Spread a thin layer of plain buttercream frosting over the entire cake with an icing spatula to seal in the crumbs. For best results, use a crusting buttercream made with vegetable shortening in place of half or all of the butter in the recipe. Allow the cake to rest for about 30 minutes until the buttercream forms a hardened crust. Lay a nontextured paper towel on the frosting and smooth over it with your hands to smooth out any bumps or ridges in the frosting, making the cake ready for decoration.
Divide the remaining buttercream frosting into small bowls and tint it with your choice of food colorings for the monster truck. Dip a toothpick in food coloring gel and swirl it into the frosting. Stir the frosting until the color is thoroughly mixed without streaks. You'll need more frosting for the body of the truck than for smaller details, such as windows or the truck's bumper. Dark gray or yellow works well for windows and windshields, while you might use a lighter gray for the bumper and grill details.
Decorating the Truck Body
Spread buttercream icing over the windshield and window area until completely smooth. Don't worry about getting the shapes perfect, because you will outline these features later. Use an angled icing spatula so you can access these areas without hitting other parts of the truck with the handle, which would happen with a straight spatula or butter knife. Keep a glass of hot water next to your work station to help you spread the icing smoothly. Dip the spatula in the hot water to heat the blade, and wipe off the water. The warm blade melts the sugar and fat in the frosting slightly so it spreads smoothly.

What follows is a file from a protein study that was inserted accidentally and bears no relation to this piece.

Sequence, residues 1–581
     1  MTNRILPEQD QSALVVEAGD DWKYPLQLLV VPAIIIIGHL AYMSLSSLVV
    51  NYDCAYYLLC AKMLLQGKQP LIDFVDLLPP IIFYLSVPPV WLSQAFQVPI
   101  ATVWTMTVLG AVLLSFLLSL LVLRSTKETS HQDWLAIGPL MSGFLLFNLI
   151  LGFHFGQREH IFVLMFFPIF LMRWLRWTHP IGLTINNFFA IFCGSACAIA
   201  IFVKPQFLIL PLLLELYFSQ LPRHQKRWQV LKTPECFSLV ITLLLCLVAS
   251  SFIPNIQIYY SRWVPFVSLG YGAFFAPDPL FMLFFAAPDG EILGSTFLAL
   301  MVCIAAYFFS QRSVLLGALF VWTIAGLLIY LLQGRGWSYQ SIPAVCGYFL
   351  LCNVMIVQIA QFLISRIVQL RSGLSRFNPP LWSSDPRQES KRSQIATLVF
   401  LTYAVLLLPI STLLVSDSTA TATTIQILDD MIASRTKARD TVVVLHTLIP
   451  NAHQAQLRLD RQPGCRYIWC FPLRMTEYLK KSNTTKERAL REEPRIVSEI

Outline the windows and windshield with icing using a piping bag fitted with a medium-sized round tip. Use the same color frosting as you plan to use for the truck body. Squeeze the bag with firm, steady pressure for an even line. Move the tip slowly to follow the shape of the windows without breaking the icing stream.
Spread a layer of light gray frosting in a rectangle across the front of the truck for the grill. Drag a fork through the frosting to create the lines that define the grill. Alternatively, pipe several thin, straight lines of light gray frosting with a piping bag and a small, round decorating tip. Outline the grill with black frosting and a medium, round decorating tip. You can even draw a small emblem in the center of the grill to indicate a certain truck model, or write the child's age instead.